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Post-War Middle-Class Housing

Models, Construction and Change

Edited By Gaia Caramellino and Federico Zanfi

Post-war middle-class housing played a key role in constructing and transforming the cities of Europe and America, deeply impacting today’s urban landscape. And yet, this stock has been underrepresented in a literature mostly focused on public housing and the work of a few master architects.
This book is the first attempt to explore such housing from an international perspective. It provides a comparative insight into the processes of construction, occupation and transformation of residential architecture built for the middle-classes in 12 different countries between the 1950s and 1970s. It investigates the role of models, actors and policies that shaped the middle-class city, tracing geographies, chronologies and forms of development that often cross national frontiers.
This study is particularly relevant today within the context of «fragilization» which affects the middle-classes, challenging, as it does, the urban role played by this residential heritage in the light of technological obsolescence, trends in patterns of homeownership, as well as social and generational changes.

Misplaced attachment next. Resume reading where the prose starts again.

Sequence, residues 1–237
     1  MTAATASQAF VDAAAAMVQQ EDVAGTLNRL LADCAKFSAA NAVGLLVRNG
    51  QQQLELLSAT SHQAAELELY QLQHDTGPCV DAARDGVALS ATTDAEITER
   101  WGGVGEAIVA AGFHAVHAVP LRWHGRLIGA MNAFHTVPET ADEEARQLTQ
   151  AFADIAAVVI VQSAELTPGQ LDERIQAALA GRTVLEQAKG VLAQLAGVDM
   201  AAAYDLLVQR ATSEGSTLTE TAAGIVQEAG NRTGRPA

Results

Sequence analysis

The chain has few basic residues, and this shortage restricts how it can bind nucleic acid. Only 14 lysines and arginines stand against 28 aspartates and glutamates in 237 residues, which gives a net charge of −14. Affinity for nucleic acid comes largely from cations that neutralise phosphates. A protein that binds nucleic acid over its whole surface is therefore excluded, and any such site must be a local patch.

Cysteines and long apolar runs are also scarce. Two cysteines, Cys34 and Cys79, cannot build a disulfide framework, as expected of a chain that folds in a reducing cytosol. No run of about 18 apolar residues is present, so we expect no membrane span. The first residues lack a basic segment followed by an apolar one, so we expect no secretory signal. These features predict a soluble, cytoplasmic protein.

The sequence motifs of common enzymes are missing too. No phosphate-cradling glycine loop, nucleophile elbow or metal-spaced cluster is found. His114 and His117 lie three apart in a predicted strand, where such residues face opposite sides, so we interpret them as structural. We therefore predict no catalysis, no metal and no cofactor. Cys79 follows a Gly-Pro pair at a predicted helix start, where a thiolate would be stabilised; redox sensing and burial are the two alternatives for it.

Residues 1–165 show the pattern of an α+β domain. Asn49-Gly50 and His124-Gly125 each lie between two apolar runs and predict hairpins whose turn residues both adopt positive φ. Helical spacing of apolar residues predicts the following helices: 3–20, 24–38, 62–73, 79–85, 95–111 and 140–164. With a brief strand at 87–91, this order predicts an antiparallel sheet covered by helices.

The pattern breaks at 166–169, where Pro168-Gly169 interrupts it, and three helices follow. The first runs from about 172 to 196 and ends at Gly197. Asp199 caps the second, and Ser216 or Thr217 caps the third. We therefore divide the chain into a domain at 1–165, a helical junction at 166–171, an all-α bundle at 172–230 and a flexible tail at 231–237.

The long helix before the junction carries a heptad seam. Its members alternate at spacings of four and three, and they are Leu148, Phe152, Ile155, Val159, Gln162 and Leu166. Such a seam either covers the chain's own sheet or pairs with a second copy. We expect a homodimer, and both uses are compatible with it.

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III.3 “Stories of Houses”: Observing Post-War Middle-Class Housing in Italy

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FILIPPO DE PIERI

(Politecnico di Torino)

III.3 “Stories of Houses”: Observing Post-War Middle-Class Housing in Italy

On surface, the Stories of Houses project can be easy to describe. For slightly more than two years, between 2011 and 2013, a group of nearly thirty researchers, guided by four coordinators, dedicated some time to the reconstruction of the history of nearly thirty buildings situated in three large Italian cities: Milan, Rome and Turin. The buildings shared some broad chronological, typological and social features. They had all been erected between the mid-1940s and the mid-1970s; they were collective apartment houses built mostly as condominiums or by cooperatives; and they could all be described, with various nuances, as “middle class” buildings, although such a definition could hide a remarkable variety of social situations1.

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